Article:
Tear This Heart Out

Tear This Heart Out


Reviewed by: Amber Wilkinson

Mexico's nomination for the 2009 foreign language Oscar is a sumptously shot melodrama of domestic politics set against a backdrop of the country in the post-revolution years of the Thirties and Forties.

It is 1932 when Catalina Guzmán (Ana Claudia Talancón) first meets General Andrés Ascencio (Daniel Giménez Cacho). He is fresh from the revolution with a suitably big Zapata-style moustache and suitably big political plans. She is just 15, but Catalina and her family quickly fall for the charming assuredness of Andrés despite suggestions from those around them that he has a murky past. Catalina is, we are to believe, so naive she hasn't even realised where her clitoris is yet and although this is certainly stretching belief, it's clear that when Andrés turns up on her doorstep and whisks her to the registery office, she isn't really aware what she is letting herself in for.

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The film then tracks their marriage over the next 10 or so years as Andrés tries to climb the greasy pole of success, breaking a few heads and bedding a few other women along the way, while Catalina herself indulges in some daliances of her own, most notably with left-wing orchestra conducter Vives (Jose Maria de Tavira). There are hints of rebellion - especially when several children from Andrés' previous relationships turn up on her doorstep but, by and large, Catalina seems prepared to play wife, but whether this is due to pressure from Andrés or her own love of the lifestyle remains moot.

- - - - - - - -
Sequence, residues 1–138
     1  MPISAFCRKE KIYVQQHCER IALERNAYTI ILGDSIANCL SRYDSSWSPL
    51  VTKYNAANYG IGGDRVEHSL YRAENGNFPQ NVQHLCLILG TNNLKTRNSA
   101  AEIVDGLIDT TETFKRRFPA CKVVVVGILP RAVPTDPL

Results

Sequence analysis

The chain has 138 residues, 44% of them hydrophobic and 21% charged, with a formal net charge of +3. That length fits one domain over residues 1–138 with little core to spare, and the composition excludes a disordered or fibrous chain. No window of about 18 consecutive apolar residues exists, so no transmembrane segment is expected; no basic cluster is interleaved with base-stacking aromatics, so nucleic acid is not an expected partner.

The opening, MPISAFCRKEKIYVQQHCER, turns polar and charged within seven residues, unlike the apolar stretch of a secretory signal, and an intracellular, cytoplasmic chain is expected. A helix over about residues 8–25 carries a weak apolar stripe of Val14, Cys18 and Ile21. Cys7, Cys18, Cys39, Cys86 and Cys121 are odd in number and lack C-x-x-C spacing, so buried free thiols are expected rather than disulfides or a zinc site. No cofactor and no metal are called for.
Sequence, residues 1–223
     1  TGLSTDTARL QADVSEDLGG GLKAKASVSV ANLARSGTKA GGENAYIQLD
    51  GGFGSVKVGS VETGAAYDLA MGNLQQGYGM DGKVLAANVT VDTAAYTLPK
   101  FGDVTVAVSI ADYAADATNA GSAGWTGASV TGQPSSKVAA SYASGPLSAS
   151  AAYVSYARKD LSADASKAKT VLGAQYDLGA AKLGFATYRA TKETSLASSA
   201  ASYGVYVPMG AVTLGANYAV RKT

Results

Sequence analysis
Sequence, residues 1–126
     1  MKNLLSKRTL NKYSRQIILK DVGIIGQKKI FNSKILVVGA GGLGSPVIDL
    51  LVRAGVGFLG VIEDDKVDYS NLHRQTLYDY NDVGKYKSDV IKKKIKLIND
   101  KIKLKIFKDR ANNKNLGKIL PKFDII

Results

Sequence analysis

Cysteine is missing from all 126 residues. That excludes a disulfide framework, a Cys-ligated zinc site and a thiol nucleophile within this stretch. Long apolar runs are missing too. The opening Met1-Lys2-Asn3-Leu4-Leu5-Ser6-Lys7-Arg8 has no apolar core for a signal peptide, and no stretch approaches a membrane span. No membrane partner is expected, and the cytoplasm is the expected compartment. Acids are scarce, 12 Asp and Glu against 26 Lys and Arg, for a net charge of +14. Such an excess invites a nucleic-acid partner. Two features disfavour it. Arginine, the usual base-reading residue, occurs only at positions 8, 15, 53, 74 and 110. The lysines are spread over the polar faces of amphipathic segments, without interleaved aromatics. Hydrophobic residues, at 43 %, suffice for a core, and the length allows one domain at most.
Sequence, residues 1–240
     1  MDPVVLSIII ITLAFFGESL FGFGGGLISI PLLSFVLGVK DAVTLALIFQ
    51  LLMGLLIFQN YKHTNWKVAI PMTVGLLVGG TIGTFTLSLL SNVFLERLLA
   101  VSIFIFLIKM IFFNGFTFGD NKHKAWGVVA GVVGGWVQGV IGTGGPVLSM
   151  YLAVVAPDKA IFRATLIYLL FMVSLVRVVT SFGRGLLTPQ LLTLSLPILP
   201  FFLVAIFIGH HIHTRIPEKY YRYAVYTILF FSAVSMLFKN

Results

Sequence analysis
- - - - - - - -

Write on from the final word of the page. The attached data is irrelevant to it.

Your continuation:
While everything looks fabulous and the narrative - based on the novel by Angeles Mastretta - is engaging to a point, there's a sense that we're only getting part of the story. There are constant suggestions that Andrés is a dangerous man to get on the wrong side of but despite a solid performance from Cacho, he never feels like much of a threat. The macro-politics of the situation is also very much a bit-part player, although cinemagoers in the film's homeland may be more readily able to fill in the blanks than a foreign audience. Talancón is very watchable in the role of Catalina but the script doesn't stretch her particularly. In fact, that's the biggest problem with the film as a whole, it's artfully shot, with nicely pitched, believable performances but everything feels a little too comfy and familiar, as we walk a cinematic route as predictable as tears before bedtime.

Reviewed on: 04 Mar 2011
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Passionate melodrama set against the backdrop of post-Revolution Mexco.
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Viva 2011

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